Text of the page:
Silence and Outrage: Reassessing the Complex Christian Response to Kristallnacht in English-Speaking Canada

  • Jonathan Durance University of Calgary
Keywords: Refugee, Jewish Refugee Crisis, Jewish Refugee, Canadian Christian, CNCR, Canadian National Committee of Refugees, Holocaust, Kristallnacht, Night of Broken Glass, Reichskristallnacht, 1930s, Refugee, Jewish Refugee Crisis, Jewish Refugee, Canadian Christian, Canadian National Committee of Refugees, Holocaust, Krisallnacht, Night of Broken Glass, Reichskristallnacht, 1930s, CNCR

Abstract

Historians assessing the response of Canadian Christians to the German Jewish refugee crisis exacerbated by the Kristallnacht pogrom of November 1938 have broadly described the Christian response as one of silence; this article adds nuance to that description. Denominational records support the established thesis, but a fresh examination of the records of the Canadian National Committee of Refugees and texts published in leading newspapers leaves a different impression, one of an organized and sustained protest movement led by Christians. These sources testify to an outburst of widespread outrage in the weeks following Kristallnacht, followed by the emergence of a cohesive campaign spearheaded by the Canadian National Committee of Refugees. It was Christian clergy and prominent Christian lay people who forcefully protested the government’s inaction and actively sought to intervene on behalf of Jewish refugees. Many of them harshly criticized their own denominations’ response as reprehensible, but their involvement and voice means that the “silence of Christians” theory needs to be revised to reflect the privatization of religious expression which took place in Canadian culture during the 1930s.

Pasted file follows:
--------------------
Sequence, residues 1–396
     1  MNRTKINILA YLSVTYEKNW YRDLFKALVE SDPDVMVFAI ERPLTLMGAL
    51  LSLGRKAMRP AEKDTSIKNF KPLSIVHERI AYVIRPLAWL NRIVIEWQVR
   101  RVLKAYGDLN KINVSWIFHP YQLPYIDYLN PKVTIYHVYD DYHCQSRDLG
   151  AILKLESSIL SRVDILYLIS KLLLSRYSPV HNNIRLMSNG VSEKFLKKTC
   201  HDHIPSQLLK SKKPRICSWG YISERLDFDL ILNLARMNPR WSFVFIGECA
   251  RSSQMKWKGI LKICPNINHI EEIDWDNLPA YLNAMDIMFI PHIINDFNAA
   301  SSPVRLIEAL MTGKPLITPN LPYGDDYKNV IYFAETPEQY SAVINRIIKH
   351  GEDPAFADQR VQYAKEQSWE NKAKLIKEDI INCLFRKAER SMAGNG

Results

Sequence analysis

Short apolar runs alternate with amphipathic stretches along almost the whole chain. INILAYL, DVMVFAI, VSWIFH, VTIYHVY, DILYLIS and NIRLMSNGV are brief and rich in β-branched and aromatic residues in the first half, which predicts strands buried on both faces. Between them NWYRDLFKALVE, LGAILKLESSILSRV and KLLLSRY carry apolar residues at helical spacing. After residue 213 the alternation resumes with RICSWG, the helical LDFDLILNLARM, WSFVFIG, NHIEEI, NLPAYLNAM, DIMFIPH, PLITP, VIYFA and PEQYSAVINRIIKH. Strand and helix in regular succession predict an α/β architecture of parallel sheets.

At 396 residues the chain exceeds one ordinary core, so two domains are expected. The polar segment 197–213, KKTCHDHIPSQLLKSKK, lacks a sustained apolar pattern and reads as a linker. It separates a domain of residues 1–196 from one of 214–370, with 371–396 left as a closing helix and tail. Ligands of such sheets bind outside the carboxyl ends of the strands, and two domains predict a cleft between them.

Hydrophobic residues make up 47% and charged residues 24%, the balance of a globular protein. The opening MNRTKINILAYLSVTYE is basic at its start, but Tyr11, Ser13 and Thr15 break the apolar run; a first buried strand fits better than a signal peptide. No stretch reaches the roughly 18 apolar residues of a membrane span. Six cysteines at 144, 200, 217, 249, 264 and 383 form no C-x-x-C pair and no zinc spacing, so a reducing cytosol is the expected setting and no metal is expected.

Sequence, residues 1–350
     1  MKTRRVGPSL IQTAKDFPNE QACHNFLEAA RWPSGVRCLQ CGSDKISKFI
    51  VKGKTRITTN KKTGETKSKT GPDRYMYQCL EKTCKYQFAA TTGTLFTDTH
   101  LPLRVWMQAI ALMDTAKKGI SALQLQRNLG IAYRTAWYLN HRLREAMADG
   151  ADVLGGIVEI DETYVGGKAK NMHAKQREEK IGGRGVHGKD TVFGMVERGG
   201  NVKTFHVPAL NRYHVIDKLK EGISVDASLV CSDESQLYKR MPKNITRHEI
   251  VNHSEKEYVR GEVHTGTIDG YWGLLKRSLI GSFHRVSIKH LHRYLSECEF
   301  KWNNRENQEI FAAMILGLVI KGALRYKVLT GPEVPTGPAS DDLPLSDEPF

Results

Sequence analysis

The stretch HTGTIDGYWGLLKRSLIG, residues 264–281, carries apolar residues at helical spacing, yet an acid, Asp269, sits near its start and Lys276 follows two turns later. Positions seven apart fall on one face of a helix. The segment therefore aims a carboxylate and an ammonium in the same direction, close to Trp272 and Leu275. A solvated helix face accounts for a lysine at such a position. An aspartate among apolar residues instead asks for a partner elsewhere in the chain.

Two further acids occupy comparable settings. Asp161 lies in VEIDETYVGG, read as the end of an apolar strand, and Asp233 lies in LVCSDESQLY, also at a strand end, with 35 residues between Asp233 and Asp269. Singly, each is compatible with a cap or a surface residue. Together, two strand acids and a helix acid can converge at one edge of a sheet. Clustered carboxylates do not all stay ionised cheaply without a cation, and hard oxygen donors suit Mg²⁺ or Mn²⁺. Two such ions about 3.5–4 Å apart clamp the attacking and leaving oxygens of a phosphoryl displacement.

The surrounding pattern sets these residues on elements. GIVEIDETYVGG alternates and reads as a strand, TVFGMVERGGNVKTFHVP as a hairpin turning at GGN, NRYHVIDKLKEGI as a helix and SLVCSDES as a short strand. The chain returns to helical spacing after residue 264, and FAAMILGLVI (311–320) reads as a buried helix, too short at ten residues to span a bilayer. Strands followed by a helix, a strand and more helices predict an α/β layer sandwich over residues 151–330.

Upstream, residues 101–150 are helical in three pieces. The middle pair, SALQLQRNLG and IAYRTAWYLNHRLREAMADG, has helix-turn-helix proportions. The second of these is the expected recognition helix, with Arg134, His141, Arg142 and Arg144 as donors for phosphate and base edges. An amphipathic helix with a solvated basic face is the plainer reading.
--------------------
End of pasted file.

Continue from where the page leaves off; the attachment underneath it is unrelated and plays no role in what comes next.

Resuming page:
Author Biography

Jonathan Durance, University of Calgary

Jonathan J. Durance jonathan.durance@td.com is a Branch Manager for TD Canada Trust in Alberta. He recently completed his M.A. at the University of Calgary, which was partially funded by a grant from the SSHRC and a QE II Alberta Government Scholarship. In his research, he explored Canadian Christian responses to Jewish persecution leading up to the Second World War. His thesis extended earlier research done in an undergraduate program which he co-published in the Fall 2011 volume of the Journal of Ecumenical Studies. Despite financial services as his vocational choice, he continues to remain interested and engaged with historical studies.